The symptoms of anthrax depend on the type of infection. There are three forms of anthrax infections and in order of severity from greatest to least these are, inhaled or pulmonary, gastrointestinal (GI), and cutaneous or skin. Since different areas of the body are affected with each type, symptoms considerably vary, but it can generally be said that cutaneous symptoms of anthrax most affect the skin, gastrointestinal anthrax disturbs the GI tract, and pulmonary anthrax has pronounced effects on the lungs.
The more specific symptoms of anthrax need to be discussed by type. The most severe anthrax type, which has a high mortality rate, even with treatment, is pulmonary or inhaled anthrax. When people inhale these bacteria, they first develop symptoms that may feel like a flu: fever, muscle aches, sore chest, headache, fatigue, and a sore throat. This early expression of the infection is usually finished within a few days and then infection symptoms quickly become more dramatic and begin to include difficulty breathing and high fever. Inhaled anthrax that isn’t being treated or responding to treatment worsens more and potential complications include developing pleural effusions or fluid around the lungs and meningitis; in worst cases, going into systemic shock is typically followed by death.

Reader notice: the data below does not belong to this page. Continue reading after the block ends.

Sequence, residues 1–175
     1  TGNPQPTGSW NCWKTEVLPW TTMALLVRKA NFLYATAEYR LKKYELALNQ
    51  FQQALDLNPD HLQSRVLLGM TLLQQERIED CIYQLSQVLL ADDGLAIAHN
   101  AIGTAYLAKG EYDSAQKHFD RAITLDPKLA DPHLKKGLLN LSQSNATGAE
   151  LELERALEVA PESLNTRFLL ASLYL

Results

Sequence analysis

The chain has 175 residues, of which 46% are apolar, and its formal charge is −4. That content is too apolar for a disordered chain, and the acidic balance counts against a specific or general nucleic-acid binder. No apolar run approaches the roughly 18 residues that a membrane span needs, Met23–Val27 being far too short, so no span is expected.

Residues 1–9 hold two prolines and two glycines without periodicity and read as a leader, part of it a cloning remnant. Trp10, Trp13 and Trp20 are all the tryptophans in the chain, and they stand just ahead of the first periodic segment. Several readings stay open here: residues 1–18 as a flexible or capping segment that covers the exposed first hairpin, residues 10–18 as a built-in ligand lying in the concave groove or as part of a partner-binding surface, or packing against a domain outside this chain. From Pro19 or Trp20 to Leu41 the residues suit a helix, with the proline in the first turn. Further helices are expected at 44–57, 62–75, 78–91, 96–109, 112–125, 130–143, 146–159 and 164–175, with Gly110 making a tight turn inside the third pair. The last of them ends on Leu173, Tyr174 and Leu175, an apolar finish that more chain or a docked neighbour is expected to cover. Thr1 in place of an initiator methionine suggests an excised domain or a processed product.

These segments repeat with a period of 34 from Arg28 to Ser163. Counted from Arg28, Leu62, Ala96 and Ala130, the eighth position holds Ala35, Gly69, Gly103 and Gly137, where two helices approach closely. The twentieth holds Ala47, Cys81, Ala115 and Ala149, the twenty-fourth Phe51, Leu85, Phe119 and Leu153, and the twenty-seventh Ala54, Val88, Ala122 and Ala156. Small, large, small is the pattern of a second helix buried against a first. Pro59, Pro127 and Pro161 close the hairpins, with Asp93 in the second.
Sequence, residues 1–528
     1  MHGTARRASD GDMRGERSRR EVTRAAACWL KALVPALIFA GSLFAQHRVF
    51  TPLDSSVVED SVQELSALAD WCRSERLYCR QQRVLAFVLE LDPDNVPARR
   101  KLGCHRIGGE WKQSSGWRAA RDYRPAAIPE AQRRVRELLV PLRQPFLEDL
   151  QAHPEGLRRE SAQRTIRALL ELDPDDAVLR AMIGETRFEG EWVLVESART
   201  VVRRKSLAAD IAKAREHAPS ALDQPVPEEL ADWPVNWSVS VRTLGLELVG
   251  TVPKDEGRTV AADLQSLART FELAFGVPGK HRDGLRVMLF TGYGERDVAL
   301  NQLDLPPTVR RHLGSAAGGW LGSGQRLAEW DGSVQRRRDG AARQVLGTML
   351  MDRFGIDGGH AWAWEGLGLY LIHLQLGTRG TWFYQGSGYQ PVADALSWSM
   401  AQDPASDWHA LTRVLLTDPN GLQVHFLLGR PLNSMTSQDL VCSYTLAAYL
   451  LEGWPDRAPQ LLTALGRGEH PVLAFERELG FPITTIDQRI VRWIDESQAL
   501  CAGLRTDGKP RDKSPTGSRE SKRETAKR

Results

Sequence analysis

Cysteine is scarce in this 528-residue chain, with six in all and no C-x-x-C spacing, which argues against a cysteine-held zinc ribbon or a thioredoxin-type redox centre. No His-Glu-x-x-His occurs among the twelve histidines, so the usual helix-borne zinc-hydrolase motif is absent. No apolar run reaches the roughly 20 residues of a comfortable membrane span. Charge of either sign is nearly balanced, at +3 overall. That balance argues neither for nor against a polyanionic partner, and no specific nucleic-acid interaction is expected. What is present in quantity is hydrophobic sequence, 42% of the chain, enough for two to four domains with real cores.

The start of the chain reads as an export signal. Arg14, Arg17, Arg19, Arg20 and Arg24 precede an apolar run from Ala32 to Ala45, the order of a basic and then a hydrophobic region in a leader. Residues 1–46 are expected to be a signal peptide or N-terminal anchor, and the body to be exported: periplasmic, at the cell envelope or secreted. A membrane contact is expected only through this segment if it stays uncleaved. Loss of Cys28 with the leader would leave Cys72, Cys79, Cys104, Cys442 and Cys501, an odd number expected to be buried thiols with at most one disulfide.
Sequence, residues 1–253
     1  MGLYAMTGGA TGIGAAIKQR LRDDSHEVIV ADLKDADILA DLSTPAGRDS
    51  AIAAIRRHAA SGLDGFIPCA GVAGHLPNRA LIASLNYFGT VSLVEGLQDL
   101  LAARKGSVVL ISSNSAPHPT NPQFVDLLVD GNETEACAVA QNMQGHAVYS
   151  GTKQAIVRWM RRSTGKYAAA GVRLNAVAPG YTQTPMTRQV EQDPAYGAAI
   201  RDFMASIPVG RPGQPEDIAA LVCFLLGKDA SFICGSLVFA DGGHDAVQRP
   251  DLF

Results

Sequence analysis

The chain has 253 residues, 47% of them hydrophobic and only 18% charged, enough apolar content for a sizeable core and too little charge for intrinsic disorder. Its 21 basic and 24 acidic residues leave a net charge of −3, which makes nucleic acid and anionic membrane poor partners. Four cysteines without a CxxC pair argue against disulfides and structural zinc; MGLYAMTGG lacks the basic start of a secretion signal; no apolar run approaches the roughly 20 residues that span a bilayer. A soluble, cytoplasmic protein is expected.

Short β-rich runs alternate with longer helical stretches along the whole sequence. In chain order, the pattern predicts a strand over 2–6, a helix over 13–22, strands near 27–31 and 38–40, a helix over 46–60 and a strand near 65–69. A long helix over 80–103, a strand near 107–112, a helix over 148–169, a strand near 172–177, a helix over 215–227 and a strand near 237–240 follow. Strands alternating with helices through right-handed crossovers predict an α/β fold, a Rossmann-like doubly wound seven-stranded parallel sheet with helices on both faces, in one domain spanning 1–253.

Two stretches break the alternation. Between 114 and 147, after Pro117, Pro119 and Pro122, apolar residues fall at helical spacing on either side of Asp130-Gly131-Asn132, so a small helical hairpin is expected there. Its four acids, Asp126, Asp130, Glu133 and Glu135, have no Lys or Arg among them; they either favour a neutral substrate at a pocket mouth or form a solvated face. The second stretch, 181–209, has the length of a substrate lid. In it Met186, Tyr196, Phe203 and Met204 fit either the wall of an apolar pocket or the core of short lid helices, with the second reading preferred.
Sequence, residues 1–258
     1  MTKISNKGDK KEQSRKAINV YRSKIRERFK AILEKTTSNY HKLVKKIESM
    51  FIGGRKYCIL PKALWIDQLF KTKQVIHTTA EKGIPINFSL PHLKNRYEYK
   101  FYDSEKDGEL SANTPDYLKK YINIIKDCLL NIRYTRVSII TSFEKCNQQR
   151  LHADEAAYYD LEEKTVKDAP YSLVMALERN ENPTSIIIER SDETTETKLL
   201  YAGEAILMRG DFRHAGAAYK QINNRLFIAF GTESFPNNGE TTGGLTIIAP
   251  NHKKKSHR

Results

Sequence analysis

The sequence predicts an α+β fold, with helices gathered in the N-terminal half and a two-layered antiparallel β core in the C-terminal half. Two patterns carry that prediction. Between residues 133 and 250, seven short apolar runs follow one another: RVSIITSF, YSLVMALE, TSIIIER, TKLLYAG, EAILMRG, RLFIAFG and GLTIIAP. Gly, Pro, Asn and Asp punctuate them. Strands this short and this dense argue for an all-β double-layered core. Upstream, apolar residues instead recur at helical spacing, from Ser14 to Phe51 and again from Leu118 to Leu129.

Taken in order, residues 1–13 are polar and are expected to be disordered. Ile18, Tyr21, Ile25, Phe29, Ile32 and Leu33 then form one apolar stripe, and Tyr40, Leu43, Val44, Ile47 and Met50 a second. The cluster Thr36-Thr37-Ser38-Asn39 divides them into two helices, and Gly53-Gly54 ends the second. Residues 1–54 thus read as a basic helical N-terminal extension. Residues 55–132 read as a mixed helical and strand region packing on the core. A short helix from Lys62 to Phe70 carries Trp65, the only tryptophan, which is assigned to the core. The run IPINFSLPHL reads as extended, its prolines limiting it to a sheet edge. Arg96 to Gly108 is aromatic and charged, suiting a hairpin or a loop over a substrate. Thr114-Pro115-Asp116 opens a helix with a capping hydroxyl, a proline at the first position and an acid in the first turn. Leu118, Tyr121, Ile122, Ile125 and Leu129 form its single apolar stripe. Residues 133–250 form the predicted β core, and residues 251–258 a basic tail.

GI anthrax is a severe illness, too, but it tends to respond better to treatment, though in some cases it has been fatal. Symptoms of anthrax of this type tend to begin with nausea, severe vomiting and diarrhea that are likely to contain noticeable amounts of blood, especially as the illness progresses. Patients with this condition tend to not want to eat, and they may have pronounced fever. Another symptom is swelling in the neck, which can be mild to very severe. If the disease progresses more, there may be hemorrhaging in the GI tract and people may develop shock and die.
In contrast to GI and inhaled anthrax, cutaneous anthrax is much milder and is most responsive to a much shorter course of antibiotic treatment. The presentation of symptoms of anthrax of this kind is an appearance of a red bump that is comparable to a bite from an insect in size and itchiness. The bump opens, developing a black scab in its center, and generally isn’t painful or itchy at this point. The sore usually starts to get bigger or swollen and many patients have swollen lymph nodes with increase in sore size.
In most cases, the biggest risk with cutaneous anthrax is that unresponsive or untreated cases will result in cellulitis or infection of the blood. Since this illness and especially the sore are so recognizable, most people can be treated quickly with a one to two week course of antibiotics. With inhaled and GI anthrax, a much longer course of antibiotics is required. Generally, two months worth of antibiotic treatment is needed to kill these two more aggressive forms of the disease, and in the inhaled form, treatment continues to have a high failure rate.